In about two weeks, we will start to hear directly from the companies about their expectations for the third and fourth quarters. We did see some important companies lower earnings guidance last week, including FedEx (NYSE:FDX), Red Hat (NYSE:RHT), Bed Bath & Beyond (NASDAQ:BBBY) and Procter & Gamble (NYSE:PG).
While disconcerting, I would not yet draw the conclusion that corporate profitability is flailing. Most of these companies continue to project growth in the next quarter, just not at the rate the market was expecting. As with the economy overall, corporate profitability may come under some pressure given the current weakness, but based on what we’ve seen so far, it is not yet enough to completely undo the market. Part of the recent volatility has been investors pricing in lower expectations.
As we get closer toward the end of the year, we’ll need to keep a close watch on the so-called “fiscal cliff” the U.S. faces. That refers to the combination of deep spending cuts that are scheduled to kick in, the expiration of tax cuts enacted when George W. Bush was president, and the federal budget potentially bumping up against the debt ceiling again next year.
As with Europe, political leaders need to put aside their differences and work together to come up with a better solution to foster growth and reduce debt. If they don’t, the prospect of higher taxes and lower spending could make consumers and businesses more cautious as we reach the end of the year. As I mentioned, it’s an issue for a little bit further down the road, but it will be part of the rhetoric leading up to November’s presidential election (which could be a strong positive for stocks, as we’ll talk about in a moment).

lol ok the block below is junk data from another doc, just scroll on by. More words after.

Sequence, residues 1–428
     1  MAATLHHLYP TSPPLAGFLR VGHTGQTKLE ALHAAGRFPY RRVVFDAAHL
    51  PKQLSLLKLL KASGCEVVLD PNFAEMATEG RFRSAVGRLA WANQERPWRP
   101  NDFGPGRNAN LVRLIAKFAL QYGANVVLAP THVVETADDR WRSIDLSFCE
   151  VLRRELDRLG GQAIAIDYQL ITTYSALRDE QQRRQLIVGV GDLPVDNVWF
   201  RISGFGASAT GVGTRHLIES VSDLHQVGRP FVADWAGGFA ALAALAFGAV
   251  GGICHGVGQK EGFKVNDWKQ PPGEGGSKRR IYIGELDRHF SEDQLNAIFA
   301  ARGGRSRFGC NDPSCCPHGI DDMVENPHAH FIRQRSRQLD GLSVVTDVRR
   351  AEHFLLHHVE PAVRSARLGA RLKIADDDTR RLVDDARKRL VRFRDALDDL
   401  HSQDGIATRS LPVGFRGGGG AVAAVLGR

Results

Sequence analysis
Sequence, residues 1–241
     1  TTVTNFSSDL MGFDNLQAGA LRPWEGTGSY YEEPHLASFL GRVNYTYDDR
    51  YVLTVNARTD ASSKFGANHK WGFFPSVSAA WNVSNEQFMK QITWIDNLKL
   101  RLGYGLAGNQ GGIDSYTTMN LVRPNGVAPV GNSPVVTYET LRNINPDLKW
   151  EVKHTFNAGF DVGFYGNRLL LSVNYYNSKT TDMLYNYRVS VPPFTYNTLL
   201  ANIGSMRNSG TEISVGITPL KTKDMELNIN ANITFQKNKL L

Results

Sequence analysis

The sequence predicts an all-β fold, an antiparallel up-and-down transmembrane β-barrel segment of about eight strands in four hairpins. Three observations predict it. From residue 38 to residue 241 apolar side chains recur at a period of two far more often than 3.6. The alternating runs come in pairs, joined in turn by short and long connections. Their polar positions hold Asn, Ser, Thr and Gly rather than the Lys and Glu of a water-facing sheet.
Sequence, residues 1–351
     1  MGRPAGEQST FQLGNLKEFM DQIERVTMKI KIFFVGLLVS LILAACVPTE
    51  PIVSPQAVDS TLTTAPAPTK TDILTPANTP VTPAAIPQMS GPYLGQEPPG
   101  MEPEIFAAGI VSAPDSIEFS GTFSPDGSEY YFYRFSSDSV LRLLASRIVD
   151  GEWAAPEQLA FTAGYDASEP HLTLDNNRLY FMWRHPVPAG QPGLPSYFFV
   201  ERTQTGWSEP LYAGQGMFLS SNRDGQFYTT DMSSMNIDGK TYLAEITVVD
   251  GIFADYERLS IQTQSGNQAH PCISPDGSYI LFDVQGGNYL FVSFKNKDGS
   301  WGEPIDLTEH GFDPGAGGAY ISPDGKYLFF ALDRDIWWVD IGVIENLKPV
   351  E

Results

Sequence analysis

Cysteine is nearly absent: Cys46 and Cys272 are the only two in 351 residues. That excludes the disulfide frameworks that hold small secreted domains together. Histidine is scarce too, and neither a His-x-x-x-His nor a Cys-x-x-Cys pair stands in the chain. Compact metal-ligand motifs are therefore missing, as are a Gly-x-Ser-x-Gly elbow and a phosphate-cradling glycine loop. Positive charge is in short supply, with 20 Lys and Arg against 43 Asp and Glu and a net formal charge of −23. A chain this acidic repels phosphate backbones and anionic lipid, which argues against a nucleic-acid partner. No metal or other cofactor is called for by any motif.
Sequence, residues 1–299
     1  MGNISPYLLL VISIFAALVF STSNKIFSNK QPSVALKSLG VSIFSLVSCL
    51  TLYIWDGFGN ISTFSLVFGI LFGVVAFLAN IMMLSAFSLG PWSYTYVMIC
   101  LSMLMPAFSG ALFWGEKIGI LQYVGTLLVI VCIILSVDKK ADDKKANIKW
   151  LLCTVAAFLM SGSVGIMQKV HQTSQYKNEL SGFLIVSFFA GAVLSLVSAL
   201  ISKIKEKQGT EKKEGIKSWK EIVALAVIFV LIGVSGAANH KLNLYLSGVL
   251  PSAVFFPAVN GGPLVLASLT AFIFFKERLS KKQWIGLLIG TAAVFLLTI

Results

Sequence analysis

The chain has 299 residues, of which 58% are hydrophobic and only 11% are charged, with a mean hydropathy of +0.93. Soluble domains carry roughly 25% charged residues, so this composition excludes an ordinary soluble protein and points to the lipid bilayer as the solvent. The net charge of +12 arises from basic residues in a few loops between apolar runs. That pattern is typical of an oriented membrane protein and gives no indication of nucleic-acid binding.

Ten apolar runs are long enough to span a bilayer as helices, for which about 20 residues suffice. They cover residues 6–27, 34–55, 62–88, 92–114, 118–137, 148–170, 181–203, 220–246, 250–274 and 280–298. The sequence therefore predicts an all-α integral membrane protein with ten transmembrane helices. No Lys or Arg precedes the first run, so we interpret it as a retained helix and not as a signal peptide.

My view is that the economy will pick up steam as we wrap up the year, especially in the seasonally strong fourth quarter. Part of the reason I say that is the Federal Reserve.
3. The Fed: The Fed has certainly become one of the strongest influences on both the economy and the stock market through its policies on interest rates and fiscal stimulus. Following the decision last week to extend its “Operation Twist” through the second half of the year, it’s a virtually certainty that interest rates will remain extremely low. We’ve grown accustomed to these historically low rates, so it’s easy to overlook their importance, but they have been a major support factor for stocks in recent years. Investors can tolerate only for so long the practically nonexistent returns on Treasury bonds, CDs, savings accounts, etc.
When volatility is high, investors flee to the safety of those investments, but when fear eases, stocks become much more attractive by comparison. In addition to potential profits in the stock, many companies now pay dividend yields higher than bonds, adding to the appeal.
The big question surrounding the Fed in the second half of the year will be whether we see another round of quantitative easing (QE), which is a direct injection of stimulus to jumpstart the economy. At last week’s meeting, the Fed changed its language to indicate more easing could be on the way, and unless we see a quick strengthening in economic data, I do expect another round of QE. In the past, QE has been the fire that ignited rallies.